Conservative Internationalists Provide the Game Plan,
December 7, 2000
his is a very worthy book, and should be much much higher in the popular sales ranking. I bought this book at the same time that I bought the more historically grounded “While America Sleeps”, and could not have asked for a better companion volume. Finally, I understand the forces that are tearing George W. Bush in two-on the one side, the conservative isolationists, who believe that we must reject internationalism in all forms, and eschew intervention or “911 missions” at all costs-and on the other side, the conservative internationalists, who by this excellent account have both a pragmatic and realistic grasp of the lessons of history, of the shrinking globe that we find in the present, and of the speed with which “regional” threats can become global challenges.The two introductory contributions, one on the national interest and global responsibility, the other on the differences between conservative isolationists and conservative internationalists and all others, are extraordinarily essential readings for anyone who hopes to understand the early days-and contradictory signals-of the next Administration. Individual chapters by very well-qualified experts cover the conservative internationalist view of China, Russia, Iraq, Iran, North Korea, Europe and NATO, Asian Allies, and Israel. More general chapters address the decline of America’s armed forces and the strategic case for dealing with weapons proliferation. The book concludes with three truly essential readings for any citizen, student, businessman, bureaucrat, or policymaker: on morality and foreign policy by William Bennett, on statesmanship in the new century by Paul Wolfowitz, and on strength and will in historical perspective by Donald Kagan.
Well-footnoted and indexed, this is a very serious professional contribution to the rather lackluster national discussion about where our national security and foreign policy should be going. As one who previously advocated a change from 2+ major regional conflicts (MRC) to 1 MRC and three separate forces for dealing with crime, environmental and cultural movements, and electronic and economic warfare (1+iii), I am now fully persuaded, mostly by the Kagan’s book “While America Sleeps” but also by this book, that we absolutely must go toward a 2+iii national security strategy.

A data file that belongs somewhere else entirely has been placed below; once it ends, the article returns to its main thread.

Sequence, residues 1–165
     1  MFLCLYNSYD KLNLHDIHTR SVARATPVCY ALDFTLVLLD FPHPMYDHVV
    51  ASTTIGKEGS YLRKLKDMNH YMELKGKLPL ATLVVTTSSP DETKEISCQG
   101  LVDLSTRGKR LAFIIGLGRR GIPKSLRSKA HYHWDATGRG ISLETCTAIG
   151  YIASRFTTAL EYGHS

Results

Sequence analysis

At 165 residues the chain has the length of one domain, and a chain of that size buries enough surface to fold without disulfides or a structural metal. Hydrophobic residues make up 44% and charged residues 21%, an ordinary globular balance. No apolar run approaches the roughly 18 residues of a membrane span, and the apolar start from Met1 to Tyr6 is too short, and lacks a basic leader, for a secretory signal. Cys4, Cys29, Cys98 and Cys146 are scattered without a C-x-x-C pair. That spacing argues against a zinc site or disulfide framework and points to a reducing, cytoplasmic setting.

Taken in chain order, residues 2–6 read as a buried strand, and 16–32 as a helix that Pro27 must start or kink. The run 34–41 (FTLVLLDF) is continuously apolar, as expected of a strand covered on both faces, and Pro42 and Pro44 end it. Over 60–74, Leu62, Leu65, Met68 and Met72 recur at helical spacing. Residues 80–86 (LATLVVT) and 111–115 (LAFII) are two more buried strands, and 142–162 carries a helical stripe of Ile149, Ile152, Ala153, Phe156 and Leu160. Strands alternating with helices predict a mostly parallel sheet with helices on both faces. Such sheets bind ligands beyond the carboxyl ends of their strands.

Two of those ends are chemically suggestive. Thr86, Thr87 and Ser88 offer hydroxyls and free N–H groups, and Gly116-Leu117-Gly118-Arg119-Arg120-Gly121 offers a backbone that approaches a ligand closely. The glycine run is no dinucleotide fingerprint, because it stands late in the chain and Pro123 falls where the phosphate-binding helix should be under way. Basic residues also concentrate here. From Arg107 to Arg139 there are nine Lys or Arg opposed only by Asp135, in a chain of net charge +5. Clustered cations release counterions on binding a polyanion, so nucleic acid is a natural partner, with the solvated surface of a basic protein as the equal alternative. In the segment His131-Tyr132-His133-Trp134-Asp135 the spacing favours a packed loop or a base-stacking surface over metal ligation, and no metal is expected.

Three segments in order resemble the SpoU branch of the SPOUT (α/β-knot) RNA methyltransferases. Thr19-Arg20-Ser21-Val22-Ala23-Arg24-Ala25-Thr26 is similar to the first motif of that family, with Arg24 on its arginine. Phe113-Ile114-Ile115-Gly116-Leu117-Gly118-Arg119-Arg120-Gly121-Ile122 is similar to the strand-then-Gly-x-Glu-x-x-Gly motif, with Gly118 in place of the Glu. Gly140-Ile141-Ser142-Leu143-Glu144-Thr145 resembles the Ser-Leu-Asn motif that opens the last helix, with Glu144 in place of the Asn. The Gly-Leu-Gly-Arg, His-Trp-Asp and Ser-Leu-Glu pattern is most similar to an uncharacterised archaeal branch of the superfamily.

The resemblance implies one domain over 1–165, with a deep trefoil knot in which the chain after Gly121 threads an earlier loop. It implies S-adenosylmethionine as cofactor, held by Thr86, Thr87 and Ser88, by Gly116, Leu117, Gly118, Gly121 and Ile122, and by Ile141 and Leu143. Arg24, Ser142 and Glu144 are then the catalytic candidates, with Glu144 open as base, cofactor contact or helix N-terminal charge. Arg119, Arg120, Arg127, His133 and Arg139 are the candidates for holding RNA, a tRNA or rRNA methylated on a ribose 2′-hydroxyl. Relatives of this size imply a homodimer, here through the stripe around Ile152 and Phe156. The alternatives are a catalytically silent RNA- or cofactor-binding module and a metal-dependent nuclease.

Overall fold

My one concern about this book is that it completely ignores what is quaintly called Program 150-all that State Department, Peace Corps, Agency for International Development stuff. It also mentions intelligence and counterintelligence only in passing. Conservative internationalists clearly have the brain power and the strategic vision and the historical understanding to be vital protectors of America’s interests, but they must expand their vision to go beyond guns and consider the potential contributions of both diplomatic and economic butter, and applied intelligence. There is in fact a need to have a very strong Presidential program that fully advances, in an integrated fashion, American investments in diplomacy, defense, transnational crime fighting, economic assistance including a Digital Marshall Plan, and cultural exchanges worthy of a great Nation. This book lacks an appreciation for all the “soft” stuff, but it covers three of the four bases very nicely. A “strong buy.”
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